TPA Faces Another Lawsuit for Stealing Retirement Plan Assets

The lawsuit filed by MBA Engineering on behalf of its 401(k) and cash balance plans also accuses Vantage Benefits, MBA's TPA and recordkeeper, of stealing money from approximately 20 other retirement plans.

MBA Engineering, Inc., as sponsor and administrator of the MBA Engineering, Inc. Employees 401(k) Plan and the MBA Engineering, Inc. Cash Balance Plan, and the plans’ trustee have filed a lawsuit against Vantage Benefits Administrators, Inc., Jeffrey A. Richie, Wendy K. Richie and Matrix Trust Company for breach of Employee Retirement Income Security Act (ERISA) fiduciary duty, as well as other charges. Vantage benefits serviced as third-party administrator (TPA) and recordkeeper for the plans.

According to the complaint, the Vantage defendants stole approximately $2,269,653.43 in retirement assets from the participants of the plans. The Vantage defendants misappropriated the plans’ assets through 35 fraudulent transfers made by Matrix to Vantage Benefits over the course of 12 months. Matrix made these transfers of plan assets directly to Vantage Benefits without any direction or authorization of any kind from MBA or the plans’ trustee.

The lawsuit says that prior to making the fraudulent transfers to Vantage Benefits, Matrix took possession and control of millions of dollars of assets of the plans without there being any written, or even oral, agreement between Matrix and the plaintiffs or the plans. The plaintiffs allege that by holding the assets of the plans without any authorization from the plaintiffs and by making the transfers of assets of the plans to Vantage Benefits without any authorization or direction by plaintiffs, Matrix exercised authority and control over the assets of the plans and held fiduciary status as to the plans under ERISA.

The complaint states that Matrix knew that all of the 35 fraudulent transfers were made to the same business bank account held in the name of Vantage Benefits itself, and not in the name of the plans, and that the transfers depleted nearly the entire multi-million dollar account balance held in the names of the plans at Matrix. Many of the transfers used fake participant names and Social Security numbers, and the nature of the transfers violated the terms of the plans.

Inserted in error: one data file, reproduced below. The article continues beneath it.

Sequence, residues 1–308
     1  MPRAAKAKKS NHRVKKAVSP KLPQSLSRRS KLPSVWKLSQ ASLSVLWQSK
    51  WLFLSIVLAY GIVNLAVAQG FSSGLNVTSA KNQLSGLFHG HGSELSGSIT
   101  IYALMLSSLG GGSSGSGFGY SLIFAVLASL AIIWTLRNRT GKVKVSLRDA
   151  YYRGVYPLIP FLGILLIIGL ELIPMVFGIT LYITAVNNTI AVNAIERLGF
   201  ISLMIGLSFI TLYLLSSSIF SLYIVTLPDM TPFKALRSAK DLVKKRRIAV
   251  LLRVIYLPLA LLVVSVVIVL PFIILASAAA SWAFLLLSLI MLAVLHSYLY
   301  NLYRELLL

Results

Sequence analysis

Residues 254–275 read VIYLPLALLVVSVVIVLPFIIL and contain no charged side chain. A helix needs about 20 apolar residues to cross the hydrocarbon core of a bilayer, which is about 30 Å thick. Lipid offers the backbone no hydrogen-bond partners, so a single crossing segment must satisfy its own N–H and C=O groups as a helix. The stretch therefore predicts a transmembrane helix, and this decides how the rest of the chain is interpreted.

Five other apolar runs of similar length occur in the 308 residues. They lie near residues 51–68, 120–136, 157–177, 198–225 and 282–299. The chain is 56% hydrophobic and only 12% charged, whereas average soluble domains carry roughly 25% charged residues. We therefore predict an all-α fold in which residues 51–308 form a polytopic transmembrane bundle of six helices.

In addition, the lawsuit claims, “Upon information and belief, Matrix made similar transfers to Vantage Benefits of assets totaling more than $11 million from the accounts of approximately 20 other retirement plans.”

Matrix never informed the plaintiffs that the transfers were being made, never provided the plaintiffs with the monthly trust account statements it produced for the plans and never communicated at all with the plaintiffs either orally or in writing. There was never any agreement between the plaintiffs and the Vantage defendants that authorized the Vantage defendants to instruct or direct Matrix to make the transfers from the plan to Vantage Benefits. In addition, the Vantage defendants disguised their fraud from plaintiffs and the plans’ participants for nearly a year by falsifying plan participant account statements and participant-accessible website information to make it appear that participant account balances were whole and accurate.

The lawsuit is seeking repayment of the assets stolen by the Vantage defendants and “in light of the depravity of the Vantage Defendants’ fraudulent scheme, Plaintiffs seeks exemplary damages against the Vantage Defendants based on their outright fraud.”

Notably, in a previous lawsuit against Vantage Benefits brought by Caldwell and Partners, Inc., as sponsor of and on behalf of the Caldwell and Partners, Inc. 401(k) Plan, a U.S. District Court entered a default judgment and ordered Vantage Benefits and Jeffrey A. Richie to restore $10,170,452.00 for actual damages, plus interest to the Caldwell and Partners plan, and ordered them to pay $297,836.75 for attorneys’ fees and costs.